It isn’t enough to move onto the next round–it needed to rank in the top 10 in the YA/Children’s genre for that, and it currently sits somewhere around 20 (at least out of the entrants who chose to make their scores public)–but I’m pleased nonetheless. Continue reading “7.25/10 Score from the Critic’s Report of the Booklife Prize for Chains Carried on Wings”

Terrestrial Magic Goes Live

I maybe, kinda, sorta am posting an urban fantasy/post-apocalyptic web serial online. So…surprise?

The first chapter has just gone up, it will post on Thursdays, and here’s the premise:

Most sensible people avoid fire-breathing carnivores that prey on humans. But Jordan has built a career out of studying such legendary animals, creatures thought mythological until their reemergence in the world three decades ago. She and researchers like her believe that knowledge is the key to reclaiming the land they’d lost back then, when humanity retreated into designated safety zones.

But when the humans moved out, the legends moved in. They were the descendants of mythical heroes, inheriting the powers of their ancestors, and they weren’t afraid of the monsters. Jordan never expected to run into a legend, but when a field expedition turns into a trap for her team, she realizes that one deliberately tried to kill her. It’s a diplomatic nightmare the Roman authorities might happily sweep under the rug. But if Jordan doesn’t figure out who attacked her and why, they could try again. Yet even if she does solve the mystery, what could one stubborn scientist possibly do to stop a powerful legend?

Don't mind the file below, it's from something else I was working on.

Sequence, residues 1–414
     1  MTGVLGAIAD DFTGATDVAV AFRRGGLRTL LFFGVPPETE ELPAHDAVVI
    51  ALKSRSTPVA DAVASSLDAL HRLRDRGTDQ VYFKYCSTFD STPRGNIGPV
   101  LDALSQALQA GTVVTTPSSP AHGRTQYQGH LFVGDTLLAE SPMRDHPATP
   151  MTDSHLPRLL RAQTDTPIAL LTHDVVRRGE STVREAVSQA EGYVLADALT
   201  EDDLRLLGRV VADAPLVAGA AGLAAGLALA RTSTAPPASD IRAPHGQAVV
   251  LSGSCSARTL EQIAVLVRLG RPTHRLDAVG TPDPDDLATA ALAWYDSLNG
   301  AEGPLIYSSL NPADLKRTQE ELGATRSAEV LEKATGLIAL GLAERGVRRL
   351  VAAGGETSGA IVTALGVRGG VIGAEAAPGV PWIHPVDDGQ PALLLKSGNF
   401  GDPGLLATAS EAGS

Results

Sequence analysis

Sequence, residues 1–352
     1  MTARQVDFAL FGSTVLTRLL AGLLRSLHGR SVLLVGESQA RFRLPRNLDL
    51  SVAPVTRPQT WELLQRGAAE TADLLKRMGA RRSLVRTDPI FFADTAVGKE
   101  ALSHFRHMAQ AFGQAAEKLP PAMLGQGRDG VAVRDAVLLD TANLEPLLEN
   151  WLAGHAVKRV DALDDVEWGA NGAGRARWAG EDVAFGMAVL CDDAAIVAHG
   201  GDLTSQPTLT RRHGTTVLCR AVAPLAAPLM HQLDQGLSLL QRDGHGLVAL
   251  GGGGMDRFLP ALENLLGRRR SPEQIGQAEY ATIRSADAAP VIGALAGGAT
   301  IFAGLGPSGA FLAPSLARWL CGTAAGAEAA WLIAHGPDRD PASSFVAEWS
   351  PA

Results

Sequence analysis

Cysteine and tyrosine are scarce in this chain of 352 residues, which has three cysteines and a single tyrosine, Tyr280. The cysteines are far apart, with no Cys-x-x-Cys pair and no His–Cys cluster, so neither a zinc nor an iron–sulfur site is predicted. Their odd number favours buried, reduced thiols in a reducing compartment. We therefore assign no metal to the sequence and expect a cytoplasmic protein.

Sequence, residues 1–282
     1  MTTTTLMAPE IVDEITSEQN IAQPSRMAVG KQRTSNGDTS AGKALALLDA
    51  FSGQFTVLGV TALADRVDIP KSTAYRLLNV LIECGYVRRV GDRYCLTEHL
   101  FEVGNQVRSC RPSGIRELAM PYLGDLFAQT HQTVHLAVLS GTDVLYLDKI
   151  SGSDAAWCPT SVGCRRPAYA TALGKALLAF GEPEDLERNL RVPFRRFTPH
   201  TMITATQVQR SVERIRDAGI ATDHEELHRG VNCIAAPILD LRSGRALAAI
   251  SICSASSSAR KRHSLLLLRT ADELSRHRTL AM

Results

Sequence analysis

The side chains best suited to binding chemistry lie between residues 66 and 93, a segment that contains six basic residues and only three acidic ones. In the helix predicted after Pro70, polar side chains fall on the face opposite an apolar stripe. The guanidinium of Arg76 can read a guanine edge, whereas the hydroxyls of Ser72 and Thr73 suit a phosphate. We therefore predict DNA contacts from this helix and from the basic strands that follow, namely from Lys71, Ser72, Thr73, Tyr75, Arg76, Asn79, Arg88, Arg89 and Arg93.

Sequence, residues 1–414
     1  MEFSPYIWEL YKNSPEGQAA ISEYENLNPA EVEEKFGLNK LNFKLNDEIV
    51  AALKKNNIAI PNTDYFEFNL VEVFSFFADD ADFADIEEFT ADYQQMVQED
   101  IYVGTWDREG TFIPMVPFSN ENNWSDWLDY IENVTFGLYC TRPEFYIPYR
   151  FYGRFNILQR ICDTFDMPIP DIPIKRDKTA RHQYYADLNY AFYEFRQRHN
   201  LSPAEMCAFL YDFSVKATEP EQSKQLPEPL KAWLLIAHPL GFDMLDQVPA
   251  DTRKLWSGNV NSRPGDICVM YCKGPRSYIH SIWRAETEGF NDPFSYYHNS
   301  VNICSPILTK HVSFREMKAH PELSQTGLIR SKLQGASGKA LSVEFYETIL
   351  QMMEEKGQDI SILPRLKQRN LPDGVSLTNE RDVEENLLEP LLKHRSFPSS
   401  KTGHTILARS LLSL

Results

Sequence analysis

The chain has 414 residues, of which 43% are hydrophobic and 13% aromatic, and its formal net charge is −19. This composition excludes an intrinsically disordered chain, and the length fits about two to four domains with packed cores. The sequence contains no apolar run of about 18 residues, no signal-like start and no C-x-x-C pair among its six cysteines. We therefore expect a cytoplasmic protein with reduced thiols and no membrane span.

For those of you who know something about me, you’ll notice the premise incorporates a lot of elements that rely on my own particular knowledge: my scientific background, my semester abroad in Rome, and my study of ancient history. Hopefully, I’ve managed to take all of that and tie it into a decent story.

Lost Village and Kabaneri of the Iron Fortress: Two Spring 2016 Anime with Intriguing Ideas That Could Have Been Better Executed

Lost Village

A boy and a girl walking through a tunnel at night, with a bus heading towards them. The title reads "Lost Village".
Image via Crunchyroll

Genre: Supernatural/Mystery

Synopsis: A bus tour filled with people wanting to leave their old lives behind heads for Nanaki Village, an urban legend that may not even exist. And even if it does, those who go there don’t come back. Everyone has their own reasons for traveling to this mysterious village, but no one knows what they’re going to find. A new place to live out their lives in peace? A fake story about a place that isn’t real? Or a mystery that pulls forth the characters’ motivations and forces them to confront who they are? Continue reading “Lost Village and Kabaneri of the Iron Fortress: Two Spring 2016 Anime with Intriguing Ideas That Could Have Been Better Executed”

We Don’t Live in a Homogenous World: List of 10 Science Fiction/Fantasy Works

There are plenty of authors from underrepresented groups writing fantastic science fiction and fantasy, and they’re equally deserving of publicity and support. It’s also important to remember that media can be powerful. It influences how we view the world, and what we think of as normal. That kind of power needs to be in the hands of people with wide ranges of perspectives, so that audiences are introduced to different ideas. So that everyone has a voice. Continue reading “We Don’t Live in a Homogenous World: List of 10 Science Fiction/Fantasy Works”

Bethesda Roundup: Skyrim and Fallout 3

These two games have a lot in common–not too surprising, as they’re both open world RPGs made by the same company. And ultimately, other than the differences between a fantasy and post-apocalyptic setting, they offer similar types of experiences.

The games don’t have deep characterization or detailed plots, so much as you go around in the world, meet a lot of people–generally never getting to know them beyond some surface details–and complete missions. There’s often not much variability in how you can complete these missions, though sometimes there is. But the point is the freedom to go out and explore the world, doing what you want when you want. Continue reading “Bethesda Roundup: Skyrim and Fallout 3”